Climbers testing prototypes for the high-tech Flowfold hiking pack ascend Mount Kilimanjaro in early March. Photo by Chris Bennett

Before making its debut at L.L. Bean next year, a waterproof, high-tech backpack made by a Maine-based company was tested in one of the world’s harshest laboratories – the flanks and summit of Mount Kilimanjaro.

The dormant volcano in Tanzania is the highest peak in Africa, rising from the surrounding rain forest to a snow-capped summit 19,341 feet above sea level. It took a team of climbers assembled by Flowfold, a company based in Scarborough, nearly six days to climb the mountain, gaining roughly 16,000 feet of elevation in a trek that began Feb. 27.

“We chose Kilimanjaro because it presented us with the opportunity to test our product in every type of environment that one could experience during the year,” said James Morin, a co-owner of Flowfold who was among the group of three women and six men that climbed the peak in East Africa.

The trek was designed to test eight prototypes of the backpack for durability in rain, freezing temperatures, hail, extreme heat and humidity.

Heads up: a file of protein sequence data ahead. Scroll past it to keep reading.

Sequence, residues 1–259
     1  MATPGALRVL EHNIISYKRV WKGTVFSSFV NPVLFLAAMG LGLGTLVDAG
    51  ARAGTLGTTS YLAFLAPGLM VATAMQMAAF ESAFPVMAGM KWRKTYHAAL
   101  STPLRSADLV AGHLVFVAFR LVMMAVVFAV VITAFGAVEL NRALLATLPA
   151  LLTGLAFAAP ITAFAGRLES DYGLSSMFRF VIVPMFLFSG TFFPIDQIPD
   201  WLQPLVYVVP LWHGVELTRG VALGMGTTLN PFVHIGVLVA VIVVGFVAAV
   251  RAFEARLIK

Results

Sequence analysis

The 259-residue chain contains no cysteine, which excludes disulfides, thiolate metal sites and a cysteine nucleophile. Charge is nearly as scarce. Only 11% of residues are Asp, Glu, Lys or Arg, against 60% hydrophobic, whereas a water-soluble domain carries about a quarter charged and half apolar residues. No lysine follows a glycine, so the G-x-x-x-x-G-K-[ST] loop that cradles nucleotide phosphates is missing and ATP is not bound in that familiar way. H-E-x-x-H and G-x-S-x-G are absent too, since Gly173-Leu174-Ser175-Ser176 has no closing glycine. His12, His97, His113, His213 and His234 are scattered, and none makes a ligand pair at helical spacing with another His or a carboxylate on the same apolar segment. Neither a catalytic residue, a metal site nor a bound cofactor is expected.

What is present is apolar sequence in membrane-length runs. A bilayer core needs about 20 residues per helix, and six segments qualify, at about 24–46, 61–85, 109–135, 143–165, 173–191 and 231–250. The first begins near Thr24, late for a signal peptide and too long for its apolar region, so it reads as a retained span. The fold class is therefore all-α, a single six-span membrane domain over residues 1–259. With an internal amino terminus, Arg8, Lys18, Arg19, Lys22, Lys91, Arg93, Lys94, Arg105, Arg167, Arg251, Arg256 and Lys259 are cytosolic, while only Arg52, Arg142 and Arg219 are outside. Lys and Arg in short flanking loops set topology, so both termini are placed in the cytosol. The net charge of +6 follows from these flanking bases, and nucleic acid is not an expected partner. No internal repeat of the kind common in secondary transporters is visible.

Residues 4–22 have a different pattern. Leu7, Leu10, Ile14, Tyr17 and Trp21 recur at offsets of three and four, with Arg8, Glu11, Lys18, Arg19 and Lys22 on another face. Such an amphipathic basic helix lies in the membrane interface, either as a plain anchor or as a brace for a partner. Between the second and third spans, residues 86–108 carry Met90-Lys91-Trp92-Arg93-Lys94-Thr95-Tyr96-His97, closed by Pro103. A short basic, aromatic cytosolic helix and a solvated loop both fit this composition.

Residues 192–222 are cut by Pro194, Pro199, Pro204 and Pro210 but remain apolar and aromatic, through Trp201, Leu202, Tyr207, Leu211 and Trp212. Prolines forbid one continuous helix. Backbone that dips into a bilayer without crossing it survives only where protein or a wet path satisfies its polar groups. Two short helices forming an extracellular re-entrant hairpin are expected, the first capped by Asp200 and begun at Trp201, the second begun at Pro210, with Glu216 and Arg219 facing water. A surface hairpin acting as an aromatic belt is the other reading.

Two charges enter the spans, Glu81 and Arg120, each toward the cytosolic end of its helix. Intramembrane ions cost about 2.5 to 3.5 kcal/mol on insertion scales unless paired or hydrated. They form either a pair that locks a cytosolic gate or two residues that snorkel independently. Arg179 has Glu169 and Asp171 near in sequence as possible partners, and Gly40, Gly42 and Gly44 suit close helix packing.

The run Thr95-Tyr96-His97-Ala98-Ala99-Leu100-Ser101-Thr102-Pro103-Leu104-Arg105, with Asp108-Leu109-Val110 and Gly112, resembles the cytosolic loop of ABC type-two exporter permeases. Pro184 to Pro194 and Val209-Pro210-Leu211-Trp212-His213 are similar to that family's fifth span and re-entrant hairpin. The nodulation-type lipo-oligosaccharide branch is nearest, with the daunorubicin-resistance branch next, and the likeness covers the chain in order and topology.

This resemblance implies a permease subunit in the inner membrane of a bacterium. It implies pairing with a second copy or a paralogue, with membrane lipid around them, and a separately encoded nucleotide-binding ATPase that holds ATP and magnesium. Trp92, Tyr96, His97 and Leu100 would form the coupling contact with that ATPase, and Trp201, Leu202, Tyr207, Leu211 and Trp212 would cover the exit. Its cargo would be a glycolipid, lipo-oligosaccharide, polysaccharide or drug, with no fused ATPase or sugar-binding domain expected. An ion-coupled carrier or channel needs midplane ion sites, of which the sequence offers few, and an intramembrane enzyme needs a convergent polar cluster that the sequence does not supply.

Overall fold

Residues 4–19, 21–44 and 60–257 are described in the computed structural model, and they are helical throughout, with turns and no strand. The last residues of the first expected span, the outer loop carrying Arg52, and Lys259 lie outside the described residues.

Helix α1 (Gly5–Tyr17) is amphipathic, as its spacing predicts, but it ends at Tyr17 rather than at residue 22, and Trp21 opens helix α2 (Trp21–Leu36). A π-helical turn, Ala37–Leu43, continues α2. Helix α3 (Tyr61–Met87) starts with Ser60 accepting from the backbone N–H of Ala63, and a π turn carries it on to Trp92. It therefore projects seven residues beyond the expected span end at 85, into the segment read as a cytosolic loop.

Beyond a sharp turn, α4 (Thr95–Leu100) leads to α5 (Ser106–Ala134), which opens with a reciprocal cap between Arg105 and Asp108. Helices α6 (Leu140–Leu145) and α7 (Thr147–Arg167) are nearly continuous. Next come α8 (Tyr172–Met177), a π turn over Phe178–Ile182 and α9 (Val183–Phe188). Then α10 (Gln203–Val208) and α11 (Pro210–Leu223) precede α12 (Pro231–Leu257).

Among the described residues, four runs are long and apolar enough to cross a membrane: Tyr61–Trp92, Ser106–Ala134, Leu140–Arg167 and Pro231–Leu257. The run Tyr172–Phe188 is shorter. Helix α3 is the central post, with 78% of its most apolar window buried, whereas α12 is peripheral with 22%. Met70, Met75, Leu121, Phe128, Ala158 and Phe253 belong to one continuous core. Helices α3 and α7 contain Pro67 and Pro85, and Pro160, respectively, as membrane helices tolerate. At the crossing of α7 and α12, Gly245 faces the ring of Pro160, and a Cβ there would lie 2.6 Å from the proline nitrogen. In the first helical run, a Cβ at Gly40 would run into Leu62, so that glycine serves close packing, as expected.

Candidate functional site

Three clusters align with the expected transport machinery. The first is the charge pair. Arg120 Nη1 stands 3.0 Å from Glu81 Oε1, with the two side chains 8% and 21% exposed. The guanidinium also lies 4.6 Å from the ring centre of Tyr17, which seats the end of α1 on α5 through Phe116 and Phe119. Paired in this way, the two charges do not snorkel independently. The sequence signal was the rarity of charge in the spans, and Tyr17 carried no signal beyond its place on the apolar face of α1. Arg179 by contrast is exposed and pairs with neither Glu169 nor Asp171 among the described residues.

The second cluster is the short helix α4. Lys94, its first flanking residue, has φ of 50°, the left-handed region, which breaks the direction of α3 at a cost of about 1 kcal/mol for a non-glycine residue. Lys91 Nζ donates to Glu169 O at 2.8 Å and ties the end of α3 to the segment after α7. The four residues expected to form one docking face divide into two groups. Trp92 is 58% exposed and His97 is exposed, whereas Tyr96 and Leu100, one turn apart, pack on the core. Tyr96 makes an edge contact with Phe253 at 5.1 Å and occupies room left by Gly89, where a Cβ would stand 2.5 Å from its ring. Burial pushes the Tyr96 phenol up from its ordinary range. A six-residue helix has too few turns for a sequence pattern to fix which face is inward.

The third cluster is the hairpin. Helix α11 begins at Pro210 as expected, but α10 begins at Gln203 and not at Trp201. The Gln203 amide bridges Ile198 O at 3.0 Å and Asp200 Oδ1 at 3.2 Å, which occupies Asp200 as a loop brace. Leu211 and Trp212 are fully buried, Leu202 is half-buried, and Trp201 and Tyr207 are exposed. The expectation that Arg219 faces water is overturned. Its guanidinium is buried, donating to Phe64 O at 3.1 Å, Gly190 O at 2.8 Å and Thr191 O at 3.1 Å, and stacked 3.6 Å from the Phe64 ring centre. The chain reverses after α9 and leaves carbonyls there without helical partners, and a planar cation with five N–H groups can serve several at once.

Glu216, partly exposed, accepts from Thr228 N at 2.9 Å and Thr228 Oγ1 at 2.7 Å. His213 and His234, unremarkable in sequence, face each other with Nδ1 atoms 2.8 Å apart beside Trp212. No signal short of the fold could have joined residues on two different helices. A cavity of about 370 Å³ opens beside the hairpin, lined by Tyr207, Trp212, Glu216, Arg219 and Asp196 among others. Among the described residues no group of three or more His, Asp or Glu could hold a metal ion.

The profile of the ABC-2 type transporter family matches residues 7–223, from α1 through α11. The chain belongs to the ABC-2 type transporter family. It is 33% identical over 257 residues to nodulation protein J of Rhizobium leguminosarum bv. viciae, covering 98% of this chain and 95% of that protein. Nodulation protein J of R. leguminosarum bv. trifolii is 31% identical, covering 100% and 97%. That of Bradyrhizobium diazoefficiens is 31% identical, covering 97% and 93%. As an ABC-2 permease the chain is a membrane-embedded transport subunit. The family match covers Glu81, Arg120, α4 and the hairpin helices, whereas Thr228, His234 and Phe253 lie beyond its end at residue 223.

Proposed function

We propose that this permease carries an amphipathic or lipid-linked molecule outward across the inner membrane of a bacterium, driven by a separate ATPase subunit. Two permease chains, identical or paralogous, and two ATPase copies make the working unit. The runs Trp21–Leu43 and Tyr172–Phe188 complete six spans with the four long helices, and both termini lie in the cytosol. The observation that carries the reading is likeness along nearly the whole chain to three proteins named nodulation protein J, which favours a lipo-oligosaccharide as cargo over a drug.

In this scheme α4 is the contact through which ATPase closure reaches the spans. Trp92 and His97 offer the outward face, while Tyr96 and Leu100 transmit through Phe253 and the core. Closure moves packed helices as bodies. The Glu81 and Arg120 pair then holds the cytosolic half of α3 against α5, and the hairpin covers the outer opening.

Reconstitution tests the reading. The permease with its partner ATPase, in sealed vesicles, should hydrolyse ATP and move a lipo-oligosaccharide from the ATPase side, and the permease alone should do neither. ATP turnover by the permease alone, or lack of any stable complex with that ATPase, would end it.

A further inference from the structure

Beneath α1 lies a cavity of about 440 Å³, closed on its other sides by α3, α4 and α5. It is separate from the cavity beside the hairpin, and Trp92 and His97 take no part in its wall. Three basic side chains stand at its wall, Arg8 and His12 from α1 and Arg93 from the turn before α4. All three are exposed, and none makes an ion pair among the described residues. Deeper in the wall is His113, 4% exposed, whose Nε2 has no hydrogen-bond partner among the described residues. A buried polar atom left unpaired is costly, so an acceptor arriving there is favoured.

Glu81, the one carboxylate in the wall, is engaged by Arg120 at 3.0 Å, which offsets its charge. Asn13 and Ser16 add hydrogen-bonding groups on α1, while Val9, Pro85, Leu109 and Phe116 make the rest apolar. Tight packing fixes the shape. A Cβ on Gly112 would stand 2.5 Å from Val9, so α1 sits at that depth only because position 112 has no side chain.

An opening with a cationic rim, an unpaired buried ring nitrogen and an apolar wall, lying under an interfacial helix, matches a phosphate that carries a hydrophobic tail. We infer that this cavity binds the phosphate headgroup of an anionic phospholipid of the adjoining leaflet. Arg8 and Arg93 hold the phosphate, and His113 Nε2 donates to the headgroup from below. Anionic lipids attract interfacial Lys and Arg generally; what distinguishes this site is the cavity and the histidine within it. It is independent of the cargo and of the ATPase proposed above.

“We wanted to know if it could handle all the weather that Maine could throw at it,” said Morin, who fulfilled a lifelong dream by summiting Kilimanjaro. “It was like we used the six days to test (conditions) that would have taken an entire year otherwise.”

More than 44,000 people attempted to summit Mount Kilimanjaro in 2016, with roughly 75 percent making it to the top, according to Climb Mount Kilimanjaro, a guiding service that specializes in taking people up the mountain. Though the easiest route up the mountain isn’t technically demanding, the altitude and weather extremes can be debilitating. The guide service estimates that six to seven people die each year attempting to summit the continent’s highest peak.


Morin’s group began its ascent in a lush rain forest with temperatures that soared into the 90s and ended the trek on the mountain’s summit, where a blizzard engulfed them in whiteout conditions. One day during their climb, the Flowfold team encountered a driving rain and hail that relentlessly pelted them and their gear.

“To make matters worse, the rain wasn’t coming from above,” Morin said in an online blog he wrote while in Africa. “This rain was nearly horizontal with the left side of our bodies and bags getting constantly hammered. The packs ended up doing very well, even without a pack cover, the insides were completely dry. Today was a big day for the packs. I’m happy about that.”

James Morin, co-owner of Flowfold, leads a group of climbers ascending Mount Kilimanjaro in early March. The group was testing prototypes for a high-tech hiking pack Flowfold intends to manufacture in partnership with L.L. Bean. Photo by Chris Bennett

Morin said he will remember the adventure for the rest of his life, and he hopes that the packs’ performance on Africa’s highest mountain will cement his company’s business relationship with L.L. Bean.